The White House used reconciliation to approve a $1.9 trillion coronavirus relief bill in March. Biden met with Senate Republicans once in early February in a bid to broker a deal. But he ultimately abandoned those talks by the end of the month after they only put $618 billion on the table. No GOP lawmakers voted for the Biden stimulus law.
There are signs that Democratic leaders are loathe to avoid watering down bills for the veneer of bipartisanship. “Look at 200 where we spent a year and a half trying to get something good done, ACA, Obamacare, and we didn’t do all the other things that had to be done,” Schumer said on MSNBC in late January. “We will not repeat that mistake.”
Schumer told reporters on Tuesday that Democrats will move ahead with a “big bold plan” in July, suggesting reconciliation looms in the near future. Still, Capito said her GOP group would “not walk away” from the negotiating table anytime soon.
“I think you go as far as you can, but then there comes a time where the other side is just not seemingly negotiating in good faith, so you gotta stop and pass your own bill,” said Baucus.
Senate Minority Leader Mitch McConnell on Tuesday said that bipartisan legislation that would create a January 6 commission to examine the Capitol riot was a “purely political exercise” driven by Democrats.
The Kentucky Republican, who announced his opposition to the commission on the Senate floor last week, calling it a “slanted and unbalanced proposal,” accused Democrats of wanting to use a commission to attack former President Donald Trump.
“I think at the heart of this recommendation by the Democrats is that they would like to continue to debate things that occured in the past,” McConnell said. “They would to continue to litigate the former president into the future. We think the American people going forward, and in the fall of 2022, ought to focus on what this administration is doing to the country and what the clear choice is that we have made to oppose most of these initiatives.”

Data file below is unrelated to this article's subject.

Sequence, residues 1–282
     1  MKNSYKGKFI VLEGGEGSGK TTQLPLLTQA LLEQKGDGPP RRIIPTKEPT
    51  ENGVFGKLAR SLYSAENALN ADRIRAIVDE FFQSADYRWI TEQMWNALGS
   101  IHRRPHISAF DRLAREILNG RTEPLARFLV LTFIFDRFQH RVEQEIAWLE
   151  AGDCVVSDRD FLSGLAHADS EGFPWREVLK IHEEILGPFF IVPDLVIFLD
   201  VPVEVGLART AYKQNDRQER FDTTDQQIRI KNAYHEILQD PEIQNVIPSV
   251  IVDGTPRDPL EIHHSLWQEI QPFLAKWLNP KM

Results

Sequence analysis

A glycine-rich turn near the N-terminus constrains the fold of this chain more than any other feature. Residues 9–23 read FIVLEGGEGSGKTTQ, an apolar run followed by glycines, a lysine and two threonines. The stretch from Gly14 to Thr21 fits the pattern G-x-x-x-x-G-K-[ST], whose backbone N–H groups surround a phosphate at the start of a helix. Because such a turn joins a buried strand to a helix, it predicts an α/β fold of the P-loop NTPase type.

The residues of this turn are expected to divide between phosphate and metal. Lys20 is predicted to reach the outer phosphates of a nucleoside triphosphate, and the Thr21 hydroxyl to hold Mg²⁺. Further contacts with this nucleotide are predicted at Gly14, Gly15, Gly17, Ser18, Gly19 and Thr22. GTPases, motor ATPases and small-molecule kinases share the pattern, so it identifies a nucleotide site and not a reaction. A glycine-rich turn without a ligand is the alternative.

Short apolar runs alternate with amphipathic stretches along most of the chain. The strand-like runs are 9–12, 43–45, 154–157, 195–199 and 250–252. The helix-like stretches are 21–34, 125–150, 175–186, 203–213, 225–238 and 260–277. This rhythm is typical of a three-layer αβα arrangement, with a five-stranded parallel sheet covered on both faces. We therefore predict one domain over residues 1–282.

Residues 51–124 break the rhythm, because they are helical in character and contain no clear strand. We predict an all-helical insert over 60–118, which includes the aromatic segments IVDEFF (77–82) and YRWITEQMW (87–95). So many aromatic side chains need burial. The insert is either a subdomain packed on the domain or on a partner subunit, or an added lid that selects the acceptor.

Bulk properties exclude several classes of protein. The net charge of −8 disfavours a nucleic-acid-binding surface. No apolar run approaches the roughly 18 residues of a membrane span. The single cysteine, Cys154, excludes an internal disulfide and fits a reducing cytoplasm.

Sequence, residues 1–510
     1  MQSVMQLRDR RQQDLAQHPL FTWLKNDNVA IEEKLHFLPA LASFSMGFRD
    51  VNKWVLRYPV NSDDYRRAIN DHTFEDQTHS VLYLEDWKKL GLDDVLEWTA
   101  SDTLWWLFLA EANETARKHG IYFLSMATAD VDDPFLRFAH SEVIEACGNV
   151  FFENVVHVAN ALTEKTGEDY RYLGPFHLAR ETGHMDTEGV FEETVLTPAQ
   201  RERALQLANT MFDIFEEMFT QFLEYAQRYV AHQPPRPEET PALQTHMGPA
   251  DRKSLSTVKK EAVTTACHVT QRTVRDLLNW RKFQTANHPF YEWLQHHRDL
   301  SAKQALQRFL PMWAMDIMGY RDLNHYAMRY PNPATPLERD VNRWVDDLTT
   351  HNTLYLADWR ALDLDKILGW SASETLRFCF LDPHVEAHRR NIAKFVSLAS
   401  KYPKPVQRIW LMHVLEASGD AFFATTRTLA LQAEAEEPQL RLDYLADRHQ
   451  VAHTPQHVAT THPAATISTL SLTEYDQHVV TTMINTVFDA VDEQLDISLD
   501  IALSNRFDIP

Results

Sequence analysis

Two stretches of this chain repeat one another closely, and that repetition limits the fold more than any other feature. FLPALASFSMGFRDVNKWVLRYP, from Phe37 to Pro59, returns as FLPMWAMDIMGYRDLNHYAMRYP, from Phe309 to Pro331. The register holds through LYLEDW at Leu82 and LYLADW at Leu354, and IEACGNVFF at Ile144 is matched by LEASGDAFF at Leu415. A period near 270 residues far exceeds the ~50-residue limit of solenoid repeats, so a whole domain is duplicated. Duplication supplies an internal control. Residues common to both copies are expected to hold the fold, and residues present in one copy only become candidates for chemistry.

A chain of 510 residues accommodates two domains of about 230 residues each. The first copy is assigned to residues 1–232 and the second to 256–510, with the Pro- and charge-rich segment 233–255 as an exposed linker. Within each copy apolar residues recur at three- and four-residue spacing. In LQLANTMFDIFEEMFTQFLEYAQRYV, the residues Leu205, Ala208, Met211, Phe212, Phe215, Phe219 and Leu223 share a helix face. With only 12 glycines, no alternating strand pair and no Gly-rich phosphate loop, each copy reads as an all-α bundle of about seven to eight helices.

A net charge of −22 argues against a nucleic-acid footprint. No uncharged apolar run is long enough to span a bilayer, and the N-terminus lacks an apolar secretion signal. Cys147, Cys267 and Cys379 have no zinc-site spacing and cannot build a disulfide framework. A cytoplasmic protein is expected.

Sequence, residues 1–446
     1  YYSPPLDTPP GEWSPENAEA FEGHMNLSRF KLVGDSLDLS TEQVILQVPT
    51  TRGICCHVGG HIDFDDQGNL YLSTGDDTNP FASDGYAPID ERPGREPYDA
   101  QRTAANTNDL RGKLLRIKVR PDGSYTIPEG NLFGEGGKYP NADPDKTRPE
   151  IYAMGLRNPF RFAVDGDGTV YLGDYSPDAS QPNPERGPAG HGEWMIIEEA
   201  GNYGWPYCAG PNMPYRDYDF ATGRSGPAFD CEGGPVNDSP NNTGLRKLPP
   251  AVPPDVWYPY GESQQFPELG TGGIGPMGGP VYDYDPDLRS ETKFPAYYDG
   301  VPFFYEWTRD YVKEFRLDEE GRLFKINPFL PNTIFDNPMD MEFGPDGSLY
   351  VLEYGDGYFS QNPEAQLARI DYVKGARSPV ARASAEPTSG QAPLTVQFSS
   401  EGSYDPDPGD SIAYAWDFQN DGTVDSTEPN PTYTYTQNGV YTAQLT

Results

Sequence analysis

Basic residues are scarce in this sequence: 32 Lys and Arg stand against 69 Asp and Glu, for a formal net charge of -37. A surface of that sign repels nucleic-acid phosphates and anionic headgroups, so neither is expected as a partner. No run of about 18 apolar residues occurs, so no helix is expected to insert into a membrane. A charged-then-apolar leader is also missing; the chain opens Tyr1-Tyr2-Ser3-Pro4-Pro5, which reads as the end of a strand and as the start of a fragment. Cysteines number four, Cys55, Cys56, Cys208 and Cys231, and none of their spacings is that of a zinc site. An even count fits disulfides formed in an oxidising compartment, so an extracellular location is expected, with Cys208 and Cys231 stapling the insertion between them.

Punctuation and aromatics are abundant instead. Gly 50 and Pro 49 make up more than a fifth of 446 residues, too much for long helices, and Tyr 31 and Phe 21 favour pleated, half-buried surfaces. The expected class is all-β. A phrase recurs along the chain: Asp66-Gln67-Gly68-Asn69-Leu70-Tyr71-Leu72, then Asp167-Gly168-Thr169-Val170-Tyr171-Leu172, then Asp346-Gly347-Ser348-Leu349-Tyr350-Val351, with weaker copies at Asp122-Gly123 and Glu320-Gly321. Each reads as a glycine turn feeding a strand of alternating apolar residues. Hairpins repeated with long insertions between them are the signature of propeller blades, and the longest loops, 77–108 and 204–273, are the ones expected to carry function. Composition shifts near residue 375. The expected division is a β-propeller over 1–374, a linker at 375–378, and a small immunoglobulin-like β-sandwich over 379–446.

He added: “I think this is a purely political exercise that adds nothing to the sum total of information.”
The GOP resistance to a 9/11-style commission examining the deadly insurrection at the Capitol imperils a deeper investigation into the siege, along with recommendations on how it can be prevented from occurring again.
Last week, after weeks of negotiations, the House passed the bill in a 252-175 vote, with 35 Republicans joining Democrats to support the legislation despite vocal opposition from House GOP leadership, led by Minority Leader Kevin McCarthy of California.
Senate Majority Leader Chuck Schumer of New York is planning to force a vote on the legislation in the coming days or weeks, but with only 50 seats, Democrats would still need 10 GOP votes to overcome a legislative filibuster.
So far, Sens. Mitt Romney of Utah and Lisa Murkowski of Alaska are the only Republican lawmakers in the upper chamber who have indicated support for the bill.
Senate GOP leadership has steadfastly lined up against the legislation.
In addition to McConnell’s opposition, Minority Whip John Thune of South Dakota told CNN last week that a commission could undermine the GOP as it looks to next year’s midterm elections.